I’ve been blogging about the need for an editor and ways to find one. Most writers also have an inner editor. You know what I mean. It’s that little voice in our head that says…
- You can’t write
- That sucks
- No one will want this story
- Give up
(This list could go on and on. We writers can come up with an infinite number of negatives to tell ourselves. Or so it seems. All writers—even famous ones—deal with these negatives at some time or another.)
Most of the time we need to ignore these doubts. Occasionally, however, we need to listen to that voice in our head that keeps telling us something isn’t working.
You need to listen when you have…
Writer’s block. You can’t move forward. The words won’t come. The ideas aren’t flowing. I know when that’s happened to me, it’s usually because something I’ve written or plan on writing isn’t right for the characters. I’m asking them to act in a way that’s not consistent for the character and my subconscious (inner editor) is telling me I’m wrong.
A nagging doubt. Something just doesn’t feel right. I’ve turned manuscripts in (usually because of deadlines) where I’ve loved the story and characters, but something just hasn’t felt quite right. I can usually pinpoint the scene or section of the book that I’m not 100% happy with, but I don’t know why. In each case, my editor has asked for revisions, and sure enough, it’s the area that bothered me that bothers her. My inner editor was telling me I had a problem, and she was right.
How do you know when to listen to your inner editor or when to ignore it?
One way to silence the negatives is to get together with other writers. Talk about your doubts. It helps to know we share the same insecurities; that we all fear we’ll never pull a story together, that we’re really terrible writers and that’s now going to be exposed, and so on. Most of us suffer through sagging middles (in the story/not our bodies). I can’t tell you how many times I’ve heard multi-published, award-winning, best-selling authors say the book they’re working on is terrible and they might as well give up writing. But, of course, they don’t give up, and the book isn’t terrible. It may even be great.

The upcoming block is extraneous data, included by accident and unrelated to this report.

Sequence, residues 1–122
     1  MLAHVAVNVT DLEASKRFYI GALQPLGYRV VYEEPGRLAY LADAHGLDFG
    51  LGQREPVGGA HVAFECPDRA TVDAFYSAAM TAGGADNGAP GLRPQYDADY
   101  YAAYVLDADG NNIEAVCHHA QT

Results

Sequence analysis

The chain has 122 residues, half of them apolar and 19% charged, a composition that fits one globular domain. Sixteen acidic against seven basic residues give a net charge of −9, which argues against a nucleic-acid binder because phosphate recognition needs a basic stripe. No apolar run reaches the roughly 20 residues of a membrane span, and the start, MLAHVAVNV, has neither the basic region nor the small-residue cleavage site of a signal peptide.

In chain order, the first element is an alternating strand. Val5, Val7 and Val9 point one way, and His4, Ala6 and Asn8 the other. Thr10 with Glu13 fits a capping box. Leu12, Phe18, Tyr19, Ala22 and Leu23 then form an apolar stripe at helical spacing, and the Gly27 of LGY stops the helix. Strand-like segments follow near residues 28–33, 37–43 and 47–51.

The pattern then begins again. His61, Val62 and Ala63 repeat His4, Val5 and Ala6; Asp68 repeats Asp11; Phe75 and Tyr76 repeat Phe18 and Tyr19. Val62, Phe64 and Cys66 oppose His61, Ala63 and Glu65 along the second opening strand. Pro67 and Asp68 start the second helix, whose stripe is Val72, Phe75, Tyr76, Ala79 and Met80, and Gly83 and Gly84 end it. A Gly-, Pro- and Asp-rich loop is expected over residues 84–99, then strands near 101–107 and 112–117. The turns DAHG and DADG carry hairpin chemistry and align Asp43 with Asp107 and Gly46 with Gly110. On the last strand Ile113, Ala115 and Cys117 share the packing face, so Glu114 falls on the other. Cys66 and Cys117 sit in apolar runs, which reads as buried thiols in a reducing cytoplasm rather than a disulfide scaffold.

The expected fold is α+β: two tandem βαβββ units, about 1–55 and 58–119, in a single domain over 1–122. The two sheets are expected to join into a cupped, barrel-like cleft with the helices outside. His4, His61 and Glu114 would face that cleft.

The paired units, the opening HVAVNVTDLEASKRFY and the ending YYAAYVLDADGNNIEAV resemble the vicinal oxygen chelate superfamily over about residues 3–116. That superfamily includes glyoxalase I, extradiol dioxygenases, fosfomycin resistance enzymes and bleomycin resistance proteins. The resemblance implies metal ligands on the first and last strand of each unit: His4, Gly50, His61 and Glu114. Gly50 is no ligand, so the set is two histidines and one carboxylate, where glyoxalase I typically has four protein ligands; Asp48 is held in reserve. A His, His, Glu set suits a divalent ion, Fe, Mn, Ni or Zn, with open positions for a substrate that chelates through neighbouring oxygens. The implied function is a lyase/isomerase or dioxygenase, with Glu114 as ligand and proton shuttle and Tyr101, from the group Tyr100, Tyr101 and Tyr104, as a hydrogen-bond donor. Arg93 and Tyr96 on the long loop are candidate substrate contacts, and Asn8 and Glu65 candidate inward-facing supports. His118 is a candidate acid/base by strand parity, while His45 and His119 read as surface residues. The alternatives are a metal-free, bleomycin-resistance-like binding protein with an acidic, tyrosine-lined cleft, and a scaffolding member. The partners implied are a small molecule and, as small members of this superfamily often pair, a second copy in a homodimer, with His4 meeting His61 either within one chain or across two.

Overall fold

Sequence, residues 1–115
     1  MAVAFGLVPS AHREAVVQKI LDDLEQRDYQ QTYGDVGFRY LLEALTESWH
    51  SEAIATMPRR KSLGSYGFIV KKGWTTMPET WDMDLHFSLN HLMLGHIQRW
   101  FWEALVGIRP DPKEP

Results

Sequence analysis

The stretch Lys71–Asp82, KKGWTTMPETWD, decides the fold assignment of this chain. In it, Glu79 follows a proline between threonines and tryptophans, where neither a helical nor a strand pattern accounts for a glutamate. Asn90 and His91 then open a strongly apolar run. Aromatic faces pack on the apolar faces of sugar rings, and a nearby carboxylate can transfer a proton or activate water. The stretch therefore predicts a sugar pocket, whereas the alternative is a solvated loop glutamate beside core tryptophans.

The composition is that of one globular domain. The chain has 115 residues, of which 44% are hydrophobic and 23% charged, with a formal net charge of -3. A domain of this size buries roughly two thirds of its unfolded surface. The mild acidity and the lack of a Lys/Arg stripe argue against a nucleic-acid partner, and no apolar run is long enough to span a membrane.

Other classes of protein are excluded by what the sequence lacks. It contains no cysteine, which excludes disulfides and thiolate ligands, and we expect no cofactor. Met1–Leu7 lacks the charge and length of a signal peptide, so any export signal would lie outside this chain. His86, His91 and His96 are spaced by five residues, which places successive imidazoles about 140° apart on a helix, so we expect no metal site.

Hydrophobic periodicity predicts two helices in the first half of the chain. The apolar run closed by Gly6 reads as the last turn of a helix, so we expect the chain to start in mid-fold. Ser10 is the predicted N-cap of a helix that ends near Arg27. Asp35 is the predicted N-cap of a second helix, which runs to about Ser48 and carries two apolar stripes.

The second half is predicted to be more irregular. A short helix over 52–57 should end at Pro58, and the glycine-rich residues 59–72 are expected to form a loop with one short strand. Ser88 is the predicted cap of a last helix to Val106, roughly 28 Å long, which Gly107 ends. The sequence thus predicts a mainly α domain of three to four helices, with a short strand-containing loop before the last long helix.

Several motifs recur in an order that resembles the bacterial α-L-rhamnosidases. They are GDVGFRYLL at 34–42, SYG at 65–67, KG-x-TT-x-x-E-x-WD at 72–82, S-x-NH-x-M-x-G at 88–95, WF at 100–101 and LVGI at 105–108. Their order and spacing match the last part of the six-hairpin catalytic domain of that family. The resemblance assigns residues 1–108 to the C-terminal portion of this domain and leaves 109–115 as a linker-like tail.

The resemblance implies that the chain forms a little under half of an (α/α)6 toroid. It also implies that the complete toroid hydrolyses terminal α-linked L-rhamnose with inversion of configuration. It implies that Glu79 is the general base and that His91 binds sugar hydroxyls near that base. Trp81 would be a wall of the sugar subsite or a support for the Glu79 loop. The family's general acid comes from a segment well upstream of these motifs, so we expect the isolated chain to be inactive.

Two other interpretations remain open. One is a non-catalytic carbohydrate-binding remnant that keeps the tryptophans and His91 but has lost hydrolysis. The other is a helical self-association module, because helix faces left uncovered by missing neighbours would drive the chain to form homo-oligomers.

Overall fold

If, however, your inner editor’s message is that something isn’t working, maybe it isn’t. Maybe you do need to listen, take a step back, and try to figure out why the scene or section doesn’t feel quite right. Go back to your initial concept for the story and the characters.
- Have you strayed from what you initially intended?
- Are you asking the characters to do something that wouldn’t be in character?
- Have you clearly defined the major conflict (or minor conflict) for the scene?
- Is the motivation for how the characters are acting appropriate for those characters?
- Have you developed the scene so it seems realistic to the reader?
Most articles I’ve read about dealing with one’s inner editor talk about waiting until you finish the first draft. Those articles, also, usually suggest writing the story straight through, beginning to end, before making any changes.
I think that’s a great idea. Problem is, I can’t write that way. If something doesn’t feel right, I have to go back and fix it.
Right now I’m having an argument with my inner editor. She’s telling me my opening chapters are wrong.
“But I like those scenes, they’ve got action, humor…good dialogue,” I argue.
Inner Editor comes back with, “They’re not right for your character. They need to go. Change them!”
Darn, I hate it when she’s right.